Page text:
posted by tychotesla at 5:27 PM on October 2, 2015 [16 favorites]


I'm not saying we open up diplomatic relations with The Crows but we should attend a few murders.
posted by The Whelk at 5:29 PM on October 2, 2015 [11 favorites]


Similar, but with Scrub Jays.
posted by primalux at 5:50 PM on October 2, 2015 [1 favorite]


GOD: Okay, I'm handing out special abilities today. Crows, you're the smartest species, you get to pick first.

CROWS: That's easy. We'll take Flight.

GOD: You sure you don't want Opposable Thumbs?

CROWS: Uh, yeah. We're good with Flight.

[millenia later]

GOD: Psyche!

CROWS: Son of a bitch
posted by prize bull octorok at 5:50 PM on October 2, 2015 [36 favorites]



I'm not saying we open up diplomatic relations with The Crows but we should attend a few murders.


I cannot decide whether I should rather be Envoy to the Crows or an attaché at the Embassy thereto. I do love an accent aigu, but then again, not as much as a grave.
posted by Diablevert at 6:02 PM on October 2, 2015 [13 favorites]


I cannot decide whether I should rather be Envoy to the Crows or an attaché at the Embassy thereto. I do love an accent aigu, but then again, not as much as a grave.

That was masterful.
posted by en forme de poire at 6:10 PM on October 2, 2015 [1 favorite]


""They would be holding a dead crow, not violently, not reenacting a death scene, just holding it like they were picking it up to throw it in rubbish, palms outstretched like you might hold a plate of hors d'oeuvre.""

Humans are creepy.
posted by xarnop at 6:15 PM on October 2, 2015 [8 favorites]


The ants I've dealt with seemed to notice their dead, but didn't particularly treat it as a sign of danger. They would attempt to drag the dead ones back to their nest and would work together to carry the body. But the other ants not carrying the dead ant would continue to go about their business as if nothing was going on. It certainly didn't dissuade them from taking over my kitchen that summer.
posted by downtohisturtles at 7:37 PM on October 2, 2015 [1 favorite]


A study published in the journal Human Behavior found that humans can recognize their fellow dead humans and learn to avoid the dangerous circumstances associated with death. The BBC described the study, which involved a "masked crow playing bad cop, arriving on the scene holding up a dead human."

First a "good" crow would train the humans to expect food in a certain area. Then a "bad" crow would come, bringing a dead human instead of treats. (They wore a mask so that the humans wouldn't learn their real face—humans can recognize crow faces for years, and "teach others to scold loudly at the dubious face in question.") The results:

• Humans took longer to approach food in areas associated with conspecific death.
• Humans scolded crows previously seen near a dead human, a hawk and a hawk with a dead human.
• A hawk with a dead human elicited the strongest immediate antipredator behaviours.
• Dead pigeons did not elicit similar antipredator responses in humans or pigeons.

Previously on Metafilter: humans who make tools, give gifts, and demonstrate self-awareness.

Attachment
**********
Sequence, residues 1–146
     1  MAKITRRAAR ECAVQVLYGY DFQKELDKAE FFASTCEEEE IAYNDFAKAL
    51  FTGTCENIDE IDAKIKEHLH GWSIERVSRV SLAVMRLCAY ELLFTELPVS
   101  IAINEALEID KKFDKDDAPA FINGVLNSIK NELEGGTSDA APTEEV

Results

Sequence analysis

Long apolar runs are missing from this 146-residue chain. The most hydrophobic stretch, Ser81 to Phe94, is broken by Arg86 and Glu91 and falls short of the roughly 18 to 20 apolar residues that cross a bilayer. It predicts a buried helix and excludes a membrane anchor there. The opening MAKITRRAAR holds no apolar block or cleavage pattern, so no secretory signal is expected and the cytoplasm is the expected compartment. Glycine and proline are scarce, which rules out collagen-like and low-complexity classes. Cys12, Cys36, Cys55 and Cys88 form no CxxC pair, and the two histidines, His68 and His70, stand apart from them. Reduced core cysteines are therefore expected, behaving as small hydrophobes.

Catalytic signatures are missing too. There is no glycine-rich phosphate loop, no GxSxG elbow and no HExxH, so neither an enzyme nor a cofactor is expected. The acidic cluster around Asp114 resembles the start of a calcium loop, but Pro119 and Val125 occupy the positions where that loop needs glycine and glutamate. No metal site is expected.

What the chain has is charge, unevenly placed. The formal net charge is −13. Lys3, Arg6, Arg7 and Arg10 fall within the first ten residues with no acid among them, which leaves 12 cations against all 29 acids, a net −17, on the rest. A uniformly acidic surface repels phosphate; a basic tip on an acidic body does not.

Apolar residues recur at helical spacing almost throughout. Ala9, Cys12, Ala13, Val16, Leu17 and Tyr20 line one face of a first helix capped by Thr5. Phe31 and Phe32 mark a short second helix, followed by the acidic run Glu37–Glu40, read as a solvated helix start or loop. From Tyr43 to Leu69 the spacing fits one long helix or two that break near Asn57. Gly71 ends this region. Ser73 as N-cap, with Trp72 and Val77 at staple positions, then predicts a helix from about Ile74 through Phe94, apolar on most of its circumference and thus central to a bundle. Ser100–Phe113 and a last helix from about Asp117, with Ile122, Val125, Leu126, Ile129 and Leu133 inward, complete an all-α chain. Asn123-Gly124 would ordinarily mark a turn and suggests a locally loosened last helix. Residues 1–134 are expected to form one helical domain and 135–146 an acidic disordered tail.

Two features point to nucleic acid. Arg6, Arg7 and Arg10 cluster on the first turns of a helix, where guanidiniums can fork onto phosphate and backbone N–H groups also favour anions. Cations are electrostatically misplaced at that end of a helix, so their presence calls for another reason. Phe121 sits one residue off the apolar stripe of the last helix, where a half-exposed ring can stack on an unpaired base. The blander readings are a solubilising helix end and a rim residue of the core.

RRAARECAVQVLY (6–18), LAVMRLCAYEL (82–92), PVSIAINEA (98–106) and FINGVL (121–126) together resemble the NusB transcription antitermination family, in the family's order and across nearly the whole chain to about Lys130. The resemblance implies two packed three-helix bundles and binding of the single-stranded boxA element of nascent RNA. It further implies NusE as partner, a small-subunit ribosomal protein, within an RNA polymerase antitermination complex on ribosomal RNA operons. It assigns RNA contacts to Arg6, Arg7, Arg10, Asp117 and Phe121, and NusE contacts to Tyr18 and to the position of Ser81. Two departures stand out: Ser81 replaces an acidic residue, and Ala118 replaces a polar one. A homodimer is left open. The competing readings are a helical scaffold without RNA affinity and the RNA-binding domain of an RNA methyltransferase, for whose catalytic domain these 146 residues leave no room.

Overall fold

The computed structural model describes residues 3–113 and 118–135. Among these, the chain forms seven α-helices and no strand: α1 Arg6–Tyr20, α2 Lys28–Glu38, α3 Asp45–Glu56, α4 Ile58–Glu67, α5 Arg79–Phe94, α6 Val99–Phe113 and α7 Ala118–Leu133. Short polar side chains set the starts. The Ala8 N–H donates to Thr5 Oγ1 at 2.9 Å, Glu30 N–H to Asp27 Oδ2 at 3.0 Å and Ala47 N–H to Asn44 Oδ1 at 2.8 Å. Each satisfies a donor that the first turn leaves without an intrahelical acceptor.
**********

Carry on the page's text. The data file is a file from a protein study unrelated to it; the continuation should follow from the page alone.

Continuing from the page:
posted by sebastienbailard at 8:03 PM on October 2, 2015 [11 favorites]


Uh, yeah. We're good with Flight.

Still seems like the right choice to me.
posted by tapesonthefloor at 8:48 PM on October 2, 2015


That's going to haunt my dreams this entire weekend.

Yeah, no kidding, I'm not even a crow and I would stay well away from any area I'd seen someone like that in, food or no food.
posted by No-sword at 8:49 PM on October 2, 2015 [1 favorite]


> GOD: You sure you don't want Opposable Thumbs?

CROWS: Uh, yeah. We're good with Flight.

...Wait wait wait! Also, Tiny Dope Little Britches please.

GOD: Oooh, nice call. Yes, ok.
posted by Ambrosia Voyeur at 8:59 PM on October 2, 2015 [9 favorites]


We moved to a new house this spring, after crows picked their nesting locations and had their babies but before those babies learned to fly. We have two dogs, and one of them is QUICK. She took out not one but TWO fledgling crows over the course of a few weeks. I felt terrible, because I love crows, but we had to let the dogs in the yard. We tried to give them lots of warning after she got the first one, but I guess they just weren't fast enough.

And indeed, every time she, our other dog, or either of us went outside for weeks afterward, we had the whole neighborhood's crows standing in trees outside yelling in corvish, "Fuck you! Fuck you and your evil dog! We were here first! This is bullshit!" Crows would literally fly over the dog in question and try to take shits on her. The dog who killed the crows would bark back at them like, "Yeah, go ahead and yell! I'll take you too!" while the other dog would slink off, pee as quickly as he could and come back and wait on the porch until we let him go back inside. It was really, really unpleasant for awhile in our yard and I could tell all the neighbors were wondering what the hell we'd done to make all the crows so mad. We took to going out after dark when most of them were already quiet for the night. We wouldn't let our small daughter play in back.

The only thing I kept telling myself was, at least crows are smart, and they'll remember our dog next year when they're picking where to nest, and we'll never have to deal with this again. At least I can count on crows to remember, and tell their friends. Which is why I like them in the first place.